Teenager sectioned for haul of explosive chemicals
A 16-YEAR-OLD boy who fantasised about carrying out an attack on a school and admitted having explosive chemicals has been made the subject of a hospital order by a judge.
The teenager, who cannot be named for legal reasons, pleaded guilty to three charges at a hearing at Birmingham Magistrates Court. He admitted having 20 manuals, including a book on how to make Semtex, contrary to the anti-terrorism laws, and possessing two of the three chemicals needed to make a simple explosive, in breach of the Explosives Act.
District Judge Howard Riddle was told that the youth was diagnosed with Asperger’s syndrome shortly after his arrest in February 2012. The condition caused him to become fixated on certain topics, according to consultant child psychologist Dr John Brian. He was later sectioned under the Mental Health Act and has been receiving treatment for his condition.
The teenager came to the attention of British police when agents from the US Federal Bureau of Investigation passed on an alert to Metropolitan Police. They received the alert from a web user in the US about comments about a school massacre the boy made in an online chat room, said prosecutor John Topping.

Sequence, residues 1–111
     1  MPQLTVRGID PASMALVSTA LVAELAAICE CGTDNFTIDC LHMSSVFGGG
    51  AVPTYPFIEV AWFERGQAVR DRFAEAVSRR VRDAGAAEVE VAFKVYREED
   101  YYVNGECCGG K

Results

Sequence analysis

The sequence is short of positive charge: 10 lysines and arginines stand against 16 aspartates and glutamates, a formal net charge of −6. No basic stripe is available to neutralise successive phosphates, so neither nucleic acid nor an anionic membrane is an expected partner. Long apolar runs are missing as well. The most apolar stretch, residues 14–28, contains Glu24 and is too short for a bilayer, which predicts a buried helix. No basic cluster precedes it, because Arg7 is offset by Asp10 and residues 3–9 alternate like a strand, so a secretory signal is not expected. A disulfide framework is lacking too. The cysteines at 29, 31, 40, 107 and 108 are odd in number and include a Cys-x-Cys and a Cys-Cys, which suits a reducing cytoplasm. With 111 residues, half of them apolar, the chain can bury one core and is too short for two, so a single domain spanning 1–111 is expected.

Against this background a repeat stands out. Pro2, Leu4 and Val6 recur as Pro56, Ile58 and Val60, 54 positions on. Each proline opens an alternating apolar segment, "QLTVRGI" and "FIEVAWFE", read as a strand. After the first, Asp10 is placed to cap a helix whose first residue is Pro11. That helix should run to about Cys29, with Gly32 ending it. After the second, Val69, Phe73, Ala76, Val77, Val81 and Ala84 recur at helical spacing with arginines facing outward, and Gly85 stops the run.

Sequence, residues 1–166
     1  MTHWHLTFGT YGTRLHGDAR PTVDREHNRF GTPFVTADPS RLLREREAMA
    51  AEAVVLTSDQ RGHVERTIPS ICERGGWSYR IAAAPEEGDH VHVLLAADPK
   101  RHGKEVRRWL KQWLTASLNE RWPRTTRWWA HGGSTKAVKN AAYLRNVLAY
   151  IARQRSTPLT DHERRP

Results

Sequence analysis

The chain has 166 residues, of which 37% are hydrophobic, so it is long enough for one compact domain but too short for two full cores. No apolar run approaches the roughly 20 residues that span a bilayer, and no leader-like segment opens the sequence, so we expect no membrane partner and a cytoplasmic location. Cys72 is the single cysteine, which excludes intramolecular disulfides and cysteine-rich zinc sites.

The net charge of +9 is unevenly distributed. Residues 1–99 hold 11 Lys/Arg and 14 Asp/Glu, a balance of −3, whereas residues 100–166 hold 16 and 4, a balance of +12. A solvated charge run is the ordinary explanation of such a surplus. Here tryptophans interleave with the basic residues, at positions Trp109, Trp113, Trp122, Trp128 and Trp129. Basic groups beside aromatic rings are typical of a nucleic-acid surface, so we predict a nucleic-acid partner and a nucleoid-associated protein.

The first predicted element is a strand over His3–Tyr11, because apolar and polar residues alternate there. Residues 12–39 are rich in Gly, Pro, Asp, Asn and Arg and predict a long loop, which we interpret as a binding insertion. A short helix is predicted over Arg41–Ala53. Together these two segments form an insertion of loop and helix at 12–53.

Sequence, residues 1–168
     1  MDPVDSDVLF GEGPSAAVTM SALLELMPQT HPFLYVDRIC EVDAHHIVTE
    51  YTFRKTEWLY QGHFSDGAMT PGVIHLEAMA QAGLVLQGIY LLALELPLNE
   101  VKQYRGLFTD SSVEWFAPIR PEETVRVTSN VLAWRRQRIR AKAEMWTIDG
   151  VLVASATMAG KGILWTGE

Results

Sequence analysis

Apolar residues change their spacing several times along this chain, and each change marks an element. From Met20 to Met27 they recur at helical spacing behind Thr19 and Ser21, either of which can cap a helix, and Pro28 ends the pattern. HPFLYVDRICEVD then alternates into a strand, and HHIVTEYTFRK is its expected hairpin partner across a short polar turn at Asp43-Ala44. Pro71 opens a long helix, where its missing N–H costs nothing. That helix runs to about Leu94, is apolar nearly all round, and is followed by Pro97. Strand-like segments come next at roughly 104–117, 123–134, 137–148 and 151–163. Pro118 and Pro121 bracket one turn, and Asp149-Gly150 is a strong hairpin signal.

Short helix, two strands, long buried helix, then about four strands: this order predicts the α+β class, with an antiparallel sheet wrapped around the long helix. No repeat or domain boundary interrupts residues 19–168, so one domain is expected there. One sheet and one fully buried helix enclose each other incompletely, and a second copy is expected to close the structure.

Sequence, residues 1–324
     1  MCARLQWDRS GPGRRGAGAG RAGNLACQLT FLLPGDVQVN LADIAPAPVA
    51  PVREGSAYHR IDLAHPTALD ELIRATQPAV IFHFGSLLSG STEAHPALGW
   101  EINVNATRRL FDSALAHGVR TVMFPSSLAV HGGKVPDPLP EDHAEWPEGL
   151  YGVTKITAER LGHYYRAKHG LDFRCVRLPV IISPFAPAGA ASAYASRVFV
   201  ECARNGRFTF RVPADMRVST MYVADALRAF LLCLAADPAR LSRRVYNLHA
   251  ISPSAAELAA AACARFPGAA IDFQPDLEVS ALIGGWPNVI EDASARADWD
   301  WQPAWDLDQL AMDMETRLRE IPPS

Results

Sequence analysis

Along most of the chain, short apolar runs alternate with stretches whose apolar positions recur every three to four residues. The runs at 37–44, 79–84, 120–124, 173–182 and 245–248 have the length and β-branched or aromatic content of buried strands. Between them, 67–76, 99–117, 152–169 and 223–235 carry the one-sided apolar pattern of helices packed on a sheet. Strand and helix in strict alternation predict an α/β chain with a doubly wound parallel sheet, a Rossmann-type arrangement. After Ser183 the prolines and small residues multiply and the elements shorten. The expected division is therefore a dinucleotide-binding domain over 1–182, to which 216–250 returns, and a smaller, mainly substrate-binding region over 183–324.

In a chat room entitled How Magnets Work, the boy said “20 minutes from now I am going to storm a high school armed with a Magnum [handgun] and a Berretta [pistol]”. He would “shoot until the police arrive and then shoot himself”. The teenager also posted pictures of himself on a website posing with imitation guns, one of which made reference to a high school.
The boy kept a book written with his own “notes about plans to kill pupils at school”, including a plan of where people sat at their desks and who should be shot, said Mr Topping. Research the boy had undertaken on a computer in his bedroom at home in Northamptonshire, where he lived with his parents, also uncovered an interest in serial killers and guns.
But while the boy was initially deemed a risk by doctors straight after his arrest, the court heard from his father, who said his son had “never been physically aggressive”. Dr Brian echoed that observation.
Dr Brian said the boy was diagnosed with Asperger’s which, untreated, could lead to anxiety and a fixation with particular topics. Asked by Mr Topping if the boy is a risk to the public, Dr Brian said the risk assessment carried out when the teenager was first seen by doctors shows that “he was a risk, yes”.
Dr Brian said the boy was “academically good” and was working towards his GCSEs while being treated in a secure hospital, and that with further help he is “optimistic” that the boy could become a useful member of society once again. The boy told him that “none of it would have happened” and expressed regret at what he had done.
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